Dan: Jimmy is a bonafide all-star in the NBA. He’s as professional as they come. Adjusting back to a role where there are other good scorers on the team may be difficult at first. But Jimmy is a smart dude and should gel with this team somewhat quickly. If anything, I think he’s ecstatic that there isn’t so much weight on his shoulders. Takes some of the pressure off.
Zach: Yes I think he will be that same type of player with the Wolves. He is comfortable with the system and the coach and he is just an overall good basketball player. He can score at will and his defense is top notch. I know he doesn’t shoot the ball particularly great but he can score in so many ways, he is so tough to stop.
Louie: Honestly, I think as long as everyone (appears to) want a championship and to win as bad as Jimmy, he will be fine if doesn’t take a single shot in a night. It seems to him all he cares about is winning, and nothing else. He is going to push the people around him to become winners or put them on an island of misfit toys.
Dan: There’s no doubt Jimmy has this city buzzing. Let’s hope he can lead us to the promised land.
Dan: Glad to have you back, Bazzy. Now please show more consistency and pass the ball once every five games.
Jonah: On a scale from one to 10, 10 being over the moon excited, how do you guys feel about Bazz coming back to the team?
Zach: The fact that it was for the vet min and so late in FA when he was the best player it leads you to a little excitement, but in the grand scheme of things maybe a 5. There are games where you just want him off the team and games where he looks like he is 6th man of the year.
Dan: I’ll go 6. A Muhammad-Crawford defensive pairing will have Thibs barking on the sidelines louder than Kevin Malone’s feet when he had to stick them in the ice machine at Jim and Pam’s wedding. He’s a streaky scorer who has the ability to bail out an offense on a bad night. I’m not going to complain about anyone on a vet minimum. Except for Kirk Hinrich. I will complain about Kirk Hinrich.
Jonah: I think I’m at a 5-6 as well. A lot of the holes in Bazz’s game come from simply not being aware of what’s going on around him. If he’s a little more tuned in to his teammates and how to use his skill set he could prove to be a key piece for the Wolves second unit. But like you guys said, at the vet minimum I can’t complain at all.
Louie: I’m at a strong 6, weak 7. I have been to a handful of games where Bazz goes off, and honestly the ferocity he plays with on the offensive side of the ball has a spot in my heart. A dumb, soft spot in my heart.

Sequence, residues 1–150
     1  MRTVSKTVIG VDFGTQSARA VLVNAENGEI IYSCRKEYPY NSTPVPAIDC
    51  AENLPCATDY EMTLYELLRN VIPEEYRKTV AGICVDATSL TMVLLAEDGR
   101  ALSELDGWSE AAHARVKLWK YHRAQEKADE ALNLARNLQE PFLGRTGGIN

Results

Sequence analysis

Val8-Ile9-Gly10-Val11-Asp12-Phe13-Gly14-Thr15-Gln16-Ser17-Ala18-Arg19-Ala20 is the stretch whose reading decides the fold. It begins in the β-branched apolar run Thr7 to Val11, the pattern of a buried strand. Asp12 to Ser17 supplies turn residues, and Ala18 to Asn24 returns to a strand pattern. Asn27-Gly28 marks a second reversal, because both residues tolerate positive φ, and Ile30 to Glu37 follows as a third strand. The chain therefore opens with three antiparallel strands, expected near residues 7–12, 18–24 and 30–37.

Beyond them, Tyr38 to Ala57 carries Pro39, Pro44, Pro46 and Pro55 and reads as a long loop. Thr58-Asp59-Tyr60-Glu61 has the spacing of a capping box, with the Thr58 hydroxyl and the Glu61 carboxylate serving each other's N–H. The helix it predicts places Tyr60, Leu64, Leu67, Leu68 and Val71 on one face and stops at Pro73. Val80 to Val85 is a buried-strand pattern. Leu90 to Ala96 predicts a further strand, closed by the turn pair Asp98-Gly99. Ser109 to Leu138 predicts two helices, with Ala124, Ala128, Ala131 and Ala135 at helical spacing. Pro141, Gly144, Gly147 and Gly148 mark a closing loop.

Zach: It will be interesting to watch Bazz play on a playoff caliber team. Feel like he can either be a very key piece or a guy that may not see the floor if he thinks he is only there to score and doesn’t do it efficiently. Weird to say but every game and minute is going to matter this season for a team who hasn’t been to the playoffs in 13 years.
Dan: I think the biggest key in Shabazz becoming a reliable bench piece is three-point shooting. His three-point percentages by month last year: November 23%, December 40%, January 53%, February 35%, March 12%, April 19%. This defines “streaky”.
Zach: I think a big thing for Bazz is to find out where he is efficient at scoring and really focus on that. He has a couple of hot spots where he shoots very well from 3 and scores well in transition. Know your strengths and pass the ball when you aren’t in one of those situations.
Jonah: Exactly, Zach. Every possession will matter this season (which is weird to say) and the team can’t afford to have Bazz, or anyone, wasting them for selfish reasons.
Dan: For sure. In four years in Minnesota, Bazz hasn’t struck me as a “winning player”. Like you guys said, he can be selfish and tunnel-visioned at times, wasting key opportunities for the offense to create real ball movement. If you look at the defending champion Golden State Warriors, they are filled with pass-first players. If Bazz wants to become a “winner” in this league, he needs to start playing smarter, which will translate into higher efficiency and a well-rounded skillset.